Republican presidential candidate Jeb Bush hopes that reform within the Department of Veteran Affairs will make him the pro-veteran GOP candidate. Pictured: Bush (left) talks with World War II veteran Joseph McBreen, 90, along the Independence Day parade route in Amherst, New Hampshire, July 4, 2015. Reuters/Gretchen Ertl

Republican presidential candidate Jeb Bush will attempt to position himself as the veteran-friendly GOP candidate Monday when he formally unveils a policy overhaul of the scandal-plagued Department of Veterans Affairs. Among his proposals: full modernization of the entire VA department, more caregivers and fewer bureaucrats, and improved healthcare for women veterans.

The former governor of Florida’s policies were to be outlined ahead of a meeting with Concerned Veterans for America in South Carolina.

“Ample resources exist within the VA budget to improve the quality and scope of care,” Bush’s policy paper states. “In other government agencies, common-sense reforms have saved billions. The VA must get its house in order and send savings into improving veteran choice and veteran care.”

While Bush is among the favorites to win the Republican Party's 2016 presidential nomination, he has trailed business mogul Donald Trump in recent polls by double figures. A Fox News poll released Sunday showed that Bush has fallen from 15 percent to 9 percent in support from likely Republican voters, losing ground on Trump and dropping to fourth place behind retired neurosurgeon Ben Carson (12 percent) and Texas Sen. Ted Cruz (10 percent). Trump leads the way with 25 percent.

Bush will hope to reverse his fortunes with a bet on veterans' support, counting on his record as Florida governor between 1999 and 2007. During his stint in the Sunshine State, which has the third-highest number of veterans in the country, Bush notes in his policy document that he “increased the number of state veterans’ homes from two to six ” and increased the property tax exemption for disabled vets from $500 to $5,000. He also passed laws that “provide free undergraduate tuition at state colleges and universities to Florida recipients of the Purple Heart and their children."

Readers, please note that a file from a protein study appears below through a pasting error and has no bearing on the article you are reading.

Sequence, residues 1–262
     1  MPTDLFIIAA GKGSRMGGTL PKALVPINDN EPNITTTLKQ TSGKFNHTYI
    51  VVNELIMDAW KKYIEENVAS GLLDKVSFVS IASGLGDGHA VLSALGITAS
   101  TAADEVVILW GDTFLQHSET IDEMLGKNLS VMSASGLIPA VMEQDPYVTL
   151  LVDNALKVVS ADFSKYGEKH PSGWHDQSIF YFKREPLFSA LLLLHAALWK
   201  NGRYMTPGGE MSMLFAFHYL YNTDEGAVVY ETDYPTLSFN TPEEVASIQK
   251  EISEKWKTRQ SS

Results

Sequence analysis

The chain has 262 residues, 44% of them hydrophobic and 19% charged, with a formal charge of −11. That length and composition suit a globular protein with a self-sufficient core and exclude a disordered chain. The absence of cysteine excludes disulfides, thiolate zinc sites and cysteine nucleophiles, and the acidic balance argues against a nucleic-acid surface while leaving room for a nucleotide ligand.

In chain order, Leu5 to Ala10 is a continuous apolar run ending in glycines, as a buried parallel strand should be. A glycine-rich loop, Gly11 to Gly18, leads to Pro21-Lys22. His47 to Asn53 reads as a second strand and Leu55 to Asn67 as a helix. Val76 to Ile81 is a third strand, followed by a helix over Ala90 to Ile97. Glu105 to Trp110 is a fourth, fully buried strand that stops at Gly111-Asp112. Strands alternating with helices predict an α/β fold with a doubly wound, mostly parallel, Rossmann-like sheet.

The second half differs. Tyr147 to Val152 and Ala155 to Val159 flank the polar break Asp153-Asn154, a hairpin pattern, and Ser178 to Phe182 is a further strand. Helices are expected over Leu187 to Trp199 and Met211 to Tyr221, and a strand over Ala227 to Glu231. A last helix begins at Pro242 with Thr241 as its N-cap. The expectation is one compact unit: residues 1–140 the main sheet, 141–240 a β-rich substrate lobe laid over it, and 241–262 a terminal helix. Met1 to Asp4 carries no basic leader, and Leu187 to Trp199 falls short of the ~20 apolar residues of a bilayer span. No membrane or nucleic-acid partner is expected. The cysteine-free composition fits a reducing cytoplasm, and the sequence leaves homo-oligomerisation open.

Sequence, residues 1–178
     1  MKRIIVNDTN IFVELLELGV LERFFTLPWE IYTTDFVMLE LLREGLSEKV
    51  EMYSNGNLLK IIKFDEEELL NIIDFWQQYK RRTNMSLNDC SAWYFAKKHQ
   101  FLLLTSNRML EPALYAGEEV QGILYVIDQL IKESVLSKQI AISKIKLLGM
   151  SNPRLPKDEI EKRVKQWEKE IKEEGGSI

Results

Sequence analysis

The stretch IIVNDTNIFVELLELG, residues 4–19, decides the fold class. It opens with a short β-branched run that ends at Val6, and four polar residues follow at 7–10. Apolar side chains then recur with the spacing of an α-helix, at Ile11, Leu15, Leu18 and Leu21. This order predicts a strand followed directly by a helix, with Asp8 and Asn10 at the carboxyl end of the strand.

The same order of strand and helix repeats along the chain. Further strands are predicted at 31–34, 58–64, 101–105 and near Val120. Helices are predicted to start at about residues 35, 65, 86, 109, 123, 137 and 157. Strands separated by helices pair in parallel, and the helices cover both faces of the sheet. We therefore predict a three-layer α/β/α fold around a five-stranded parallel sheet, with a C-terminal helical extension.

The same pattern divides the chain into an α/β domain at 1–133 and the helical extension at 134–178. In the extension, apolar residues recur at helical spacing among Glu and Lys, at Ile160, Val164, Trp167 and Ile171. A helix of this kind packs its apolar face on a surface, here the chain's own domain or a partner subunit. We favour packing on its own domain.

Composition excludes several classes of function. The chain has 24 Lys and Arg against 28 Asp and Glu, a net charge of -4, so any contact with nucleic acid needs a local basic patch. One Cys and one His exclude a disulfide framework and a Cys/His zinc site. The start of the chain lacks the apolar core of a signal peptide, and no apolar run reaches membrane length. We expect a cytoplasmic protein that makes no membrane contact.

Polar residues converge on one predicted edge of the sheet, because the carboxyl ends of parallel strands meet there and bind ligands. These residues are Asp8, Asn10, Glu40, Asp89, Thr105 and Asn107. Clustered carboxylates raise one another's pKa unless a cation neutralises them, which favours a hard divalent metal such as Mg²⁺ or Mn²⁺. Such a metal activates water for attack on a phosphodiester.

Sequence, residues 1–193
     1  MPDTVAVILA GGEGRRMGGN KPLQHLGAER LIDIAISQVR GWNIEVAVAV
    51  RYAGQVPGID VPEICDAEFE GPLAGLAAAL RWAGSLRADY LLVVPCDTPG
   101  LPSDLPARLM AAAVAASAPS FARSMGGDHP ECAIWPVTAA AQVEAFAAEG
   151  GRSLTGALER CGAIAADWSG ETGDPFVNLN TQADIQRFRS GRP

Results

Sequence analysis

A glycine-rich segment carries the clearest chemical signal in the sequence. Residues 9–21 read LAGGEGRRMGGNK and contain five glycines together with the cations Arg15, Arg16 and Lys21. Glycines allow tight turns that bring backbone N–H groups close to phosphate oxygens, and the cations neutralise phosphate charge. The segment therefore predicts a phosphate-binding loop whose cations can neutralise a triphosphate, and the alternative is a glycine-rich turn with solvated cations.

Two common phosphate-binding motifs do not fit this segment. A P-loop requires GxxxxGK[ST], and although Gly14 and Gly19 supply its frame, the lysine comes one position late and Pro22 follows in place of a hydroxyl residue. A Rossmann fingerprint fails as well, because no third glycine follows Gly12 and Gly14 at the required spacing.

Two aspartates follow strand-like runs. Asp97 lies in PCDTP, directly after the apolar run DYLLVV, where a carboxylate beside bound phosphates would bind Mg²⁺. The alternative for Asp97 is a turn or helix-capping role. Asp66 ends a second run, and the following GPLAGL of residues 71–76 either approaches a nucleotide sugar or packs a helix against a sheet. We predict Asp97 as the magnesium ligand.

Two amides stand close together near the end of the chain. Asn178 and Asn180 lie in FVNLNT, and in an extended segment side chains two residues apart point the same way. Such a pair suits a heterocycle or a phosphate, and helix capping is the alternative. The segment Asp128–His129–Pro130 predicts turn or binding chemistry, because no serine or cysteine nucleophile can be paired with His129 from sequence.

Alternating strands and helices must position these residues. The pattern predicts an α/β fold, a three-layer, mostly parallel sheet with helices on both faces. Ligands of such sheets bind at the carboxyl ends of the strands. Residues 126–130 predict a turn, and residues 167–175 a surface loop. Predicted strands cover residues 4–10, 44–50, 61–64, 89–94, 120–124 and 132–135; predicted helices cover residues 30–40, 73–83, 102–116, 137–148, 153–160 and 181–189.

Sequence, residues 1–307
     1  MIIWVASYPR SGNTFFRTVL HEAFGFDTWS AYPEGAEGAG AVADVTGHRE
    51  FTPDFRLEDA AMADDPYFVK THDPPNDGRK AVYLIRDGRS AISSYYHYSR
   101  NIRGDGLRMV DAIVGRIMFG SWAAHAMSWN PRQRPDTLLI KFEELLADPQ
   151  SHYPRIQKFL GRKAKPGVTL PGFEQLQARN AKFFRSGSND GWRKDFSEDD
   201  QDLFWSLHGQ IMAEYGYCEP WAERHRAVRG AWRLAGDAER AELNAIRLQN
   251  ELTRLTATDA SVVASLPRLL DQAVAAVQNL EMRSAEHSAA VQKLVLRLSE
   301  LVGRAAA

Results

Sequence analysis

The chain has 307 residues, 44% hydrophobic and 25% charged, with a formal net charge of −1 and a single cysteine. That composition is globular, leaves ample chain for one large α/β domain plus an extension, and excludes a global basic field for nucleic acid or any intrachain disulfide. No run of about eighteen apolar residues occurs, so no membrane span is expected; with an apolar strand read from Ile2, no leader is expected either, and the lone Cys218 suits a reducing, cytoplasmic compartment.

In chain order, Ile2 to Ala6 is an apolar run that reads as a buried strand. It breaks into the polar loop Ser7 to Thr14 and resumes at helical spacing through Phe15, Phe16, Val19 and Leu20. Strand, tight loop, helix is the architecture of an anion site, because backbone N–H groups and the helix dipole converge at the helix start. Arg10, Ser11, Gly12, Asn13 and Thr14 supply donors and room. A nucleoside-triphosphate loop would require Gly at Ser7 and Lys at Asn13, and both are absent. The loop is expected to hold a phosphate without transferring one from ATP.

One of the pre-existing VA policies that Bush hopes to expand and improve on is the “choice” option for care. Under the existing policy, veterans can choose a primary care doctor only if they can’t get an appointment at a Veterans Affairs hospital within 30 days or if they live 40 miles or more from a VA health facility. Figures provided by Bush's policy document show that only 30,000 veterans are enrolled in the choice program, from among some 9 million veterans living in the U.S.

"That number should be broadened and limitations to private access reduced. If a veteran wants to see a neighborhood physician, he or she has earned that choice. The VA must remain the guarantor of that choice and that care," Bush's policy document says.

Bush aims to do that without cutting any VA hospitals or medical staff. The policy document claims that this approach will reduce waiting times for the neediest veterans and avoid unnecessary deaths.

Bush says he will find the extra funds to broaden choice care by “cutting excess administrators (not caregivers)” and eliminating “billions of dollars in waste, fraud, and abuse.” The brother of former President George W. Bush and son of former President George H.W. Bush also wants to see improved online resources and services for veterans, claiming that the current offerings are old and difficult to navigate.

Number of VA Hospitals by State | HealthGrove

On the topic of healthcare for female veterans, Bush wants to build dedicated teams that will expand the VA’s offerings in obstetrics, gynecology, and specializations in ovarian and breast cancer care.

Bush’s policy document represents the first meaningful mention of veterans policy since the race to become the Republican presidential candidate began. Veteran’s issues received only one brief mention at the end of the first GOP debate, held Aug. 6 in Cleveland. Before that, the only high-profile moment came when Trump questioned the service record of Arizona Sen. John McCain, who was a prisoner of war in Vietnam. Of the 10 leading candidates that appeared during the two-hour prime-time GOP debate, not one has military experience.

The next Republican presidential debate will be Sept. 16 on CNN. It will be held at the Ronald Reagan presidential library in Simi Valley, California.